As such the Newcastle sextet’s 11-track debut both showcases new material, as well as reworking tracks such as album opener ‘Lungs Quicken’ which takes on a new lease of life, and immediately sets the tone and character of the rest of the songs. From its beautiful, hushed beginnings complete with piano tinkling, to the gradual swelling strings, from the very start Lanterns On The Lake establish a trend for haunting harmonies and eerie calmness.
For at the heart of all that Lanterns On The Lake creates is Hazel Wilde’s captivating voice, particularly on the more peculiar tracks such as ‘Tricks’ and ‘Blanket Of Leaves’. It’s her hushed yet distinctive vocals that glue each of the songs together – occasionally with the harmonising aid of guitarist Paul Gregory – so that even amongst the haven of hushed instrumental calm, sweeping guitars and soaring strings that come to epitomise Lanterns’ offerings, her voice remains omnipresent and defining.
Yet it’s also the lyrical tales and narratives that weave their way onto their music and accentuate the modern folkiness of their instrumentation that are another charming characteristic. Take ‘Ships In The Rain’, a song apparently prompted by the story of a local fisherman who went missing at sea, or the following track, ‘A Kingdom’ – inspired by a book of letters sent home by WW2 soldiers – and it’s easy to see how Lanterns’ modern music works alongside more traditional lyrical devices, creating an album that is both thoroughly of the time, yet simultaneously retains its roots.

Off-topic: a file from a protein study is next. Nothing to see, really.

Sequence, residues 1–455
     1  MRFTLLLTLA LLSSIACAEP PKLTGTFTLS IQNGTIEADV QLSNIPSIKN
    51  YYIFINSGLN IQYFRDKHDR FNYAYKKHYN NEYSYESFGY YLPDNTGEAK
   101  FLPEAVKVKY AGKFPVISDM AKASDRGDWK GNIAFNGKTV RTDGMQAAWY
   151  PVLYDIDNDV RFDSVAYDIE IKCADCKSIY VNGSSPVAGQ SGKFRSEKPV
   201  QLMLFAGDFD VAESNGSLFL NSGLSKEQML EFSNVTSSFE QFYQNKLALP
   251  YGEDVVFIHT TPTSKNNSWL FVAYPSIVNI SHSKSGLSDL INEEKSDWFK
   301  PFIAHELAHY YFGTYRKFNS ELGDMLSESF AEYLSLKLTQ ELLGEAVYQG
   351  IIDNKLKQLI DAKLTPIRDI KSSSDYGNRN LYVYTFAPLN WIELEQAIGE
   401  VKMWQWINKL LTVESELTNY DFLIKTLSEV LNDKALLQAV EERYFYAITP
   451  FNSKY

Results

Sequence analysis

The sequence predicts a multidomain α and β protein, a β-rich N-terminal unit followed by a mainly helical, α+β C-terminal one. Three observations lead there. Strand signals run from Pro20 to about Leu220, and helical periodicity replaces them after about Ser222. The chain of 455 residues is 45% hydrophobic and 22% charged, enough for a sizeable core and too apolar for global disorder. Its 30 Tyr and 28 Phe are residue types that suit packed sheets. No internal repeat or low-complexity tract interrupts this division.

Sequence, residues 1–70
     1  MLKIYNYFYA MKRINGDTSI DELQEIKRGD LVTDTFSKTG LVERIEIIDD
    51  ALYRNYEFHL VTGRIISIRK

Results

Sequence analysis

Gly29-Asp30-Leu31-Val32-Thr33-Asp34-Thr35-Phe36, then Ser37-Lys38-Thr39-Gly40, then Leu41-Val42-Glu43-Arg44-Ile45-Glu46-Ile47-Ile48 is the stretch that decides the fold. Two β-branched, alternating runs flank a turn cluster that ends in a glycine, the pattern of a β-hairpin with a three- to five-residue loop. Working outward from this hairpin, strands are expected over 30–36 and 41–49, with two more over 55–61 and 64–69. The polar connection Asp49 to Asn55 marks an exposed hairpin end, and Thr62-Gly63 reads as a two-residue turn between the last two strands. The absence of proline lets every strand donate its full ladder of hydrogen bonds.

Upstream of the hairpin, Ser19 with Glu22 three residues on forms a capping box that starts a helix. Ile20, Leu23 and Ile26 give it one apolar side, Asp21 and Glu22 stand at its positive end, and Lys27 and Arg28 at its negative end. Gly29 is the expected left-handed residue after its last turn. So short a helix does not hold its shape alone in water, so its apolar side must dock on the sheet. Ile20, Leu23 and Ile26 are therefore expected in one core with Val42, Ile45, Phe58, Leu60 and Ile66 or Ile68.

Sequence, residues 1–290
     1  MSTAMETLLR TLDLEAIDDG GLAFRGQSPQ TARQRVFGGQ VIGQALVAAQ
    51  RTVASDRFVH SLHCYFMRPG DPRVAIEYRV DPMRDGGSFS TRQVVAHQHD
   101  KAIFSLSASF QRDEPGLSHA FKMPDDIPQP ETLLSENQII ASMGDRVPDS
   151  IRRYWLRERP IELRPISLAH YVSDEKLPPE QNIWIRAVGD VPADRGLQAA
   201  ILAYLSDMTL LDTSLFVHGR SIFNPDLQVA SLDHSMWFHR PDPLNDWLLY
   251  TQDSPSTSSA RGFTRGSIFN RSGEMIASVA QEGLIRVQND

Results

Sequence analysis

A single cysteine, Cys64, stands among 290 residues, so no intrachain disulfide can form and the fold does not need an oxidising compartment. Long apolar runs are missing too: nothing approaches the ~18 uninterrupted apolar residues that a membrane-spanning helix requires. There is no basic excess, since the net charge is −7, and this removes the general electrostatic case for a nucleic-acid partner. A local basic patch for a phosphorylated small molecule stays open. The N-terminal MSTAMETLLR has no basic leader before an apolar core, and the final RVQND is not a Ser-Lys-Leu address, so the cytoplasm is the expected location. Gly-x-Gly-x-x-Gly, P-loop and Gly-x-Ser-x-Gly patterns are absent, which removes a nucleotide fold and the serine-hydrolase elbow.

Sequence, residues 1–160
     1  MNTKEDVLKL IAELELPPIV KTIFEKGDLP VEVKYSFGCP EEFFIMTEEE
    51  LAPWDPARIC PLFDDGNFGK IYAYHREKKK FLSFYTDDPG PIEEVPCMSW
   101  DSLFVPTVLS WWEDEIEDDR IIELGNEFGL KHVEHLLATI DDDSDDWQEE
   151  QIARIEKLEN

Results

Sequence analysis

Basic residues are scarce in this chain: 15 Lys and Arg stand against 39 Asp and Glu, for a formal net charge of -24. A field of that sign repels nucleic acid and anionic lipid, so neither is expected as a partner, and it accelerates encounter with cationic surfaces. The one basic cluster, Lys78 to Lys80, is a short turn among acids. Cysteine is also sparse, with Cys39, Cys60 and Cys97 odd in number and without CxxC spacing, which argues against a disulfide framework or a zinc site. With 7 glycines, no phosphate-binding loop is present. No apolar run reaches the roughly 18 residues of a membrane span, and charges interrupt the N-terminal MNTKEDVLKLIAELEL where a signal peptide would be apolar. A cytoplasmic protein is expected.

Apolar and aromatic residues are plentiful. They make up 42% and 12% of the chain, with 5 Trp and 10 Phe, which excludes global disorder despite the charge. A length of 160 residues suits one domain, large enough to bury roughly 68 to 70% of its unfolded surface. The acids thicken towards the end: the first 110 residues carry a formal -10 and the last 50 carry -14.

Elsewhere, ‘Keep On Trying’ focuses on the band’s desire for innate attention to detail: soft crackles abound and a plethora of almost inaudible elements make this album charmingly unpolished, a result, perhaps, of the album being recorded in various locations – from old, empty buildings to self-made studios, indeed in environs as remote as the surroundings that they vividly paint in their songs’ lyrics.
It is these subtleties, whether melodies, simple percussion or integrated background noise, that make ‘Gracious Tide…’ such an exceptional album, and one that – as its homely and familiar title suggests, alongside the sentiments expressed in tracks such as ‘I Love You, Sleepyhead’ and ‘Places We Call Home’ – manages to incorporate a slice of everyday life into an otherwise remarkable and unusual album.
But, their sextet status aside, there are many moments where ‘Gracious Tide…’ sounds very much a solo affair, whether it’s specific segments such as the initial subtle piano and vocal duet of ‘I Love You, Sleepyhead’, or just the general tranquil ambiance. Despite the presence of occasional orchestrated outbursts – particularly the majestic swells of ‘A Kingdom’ – in general the record lacks a variance of dynamics: indeed it’s only after extensive listening that the individual elements of each of the songs begin to reveal themselves fully. Lacklustre it isn’t, yet you cant help but feel that in a live environment these nuances of sound would be much more evident and exaggerated, providing extended contrast and colour to the recordings’ more muted sound.
Yet the courage to explore these moments of quietude, especially as a sizeable band, is ultimately to the band’s credit. The decision to end ‘Gracious Tide…’ with the suddenly skeletal and silent track ‘Not Going Back To the Harbour’, which glides in at just over one minute, is a bold one. Although soft, save for the odd clanging guitar strings, it’s an also abrupt end to an enchanting album, one that – despite its significant subtleties – never fails to pull you into the depths of the band’s lyrical stories and the stunning details of their own music.
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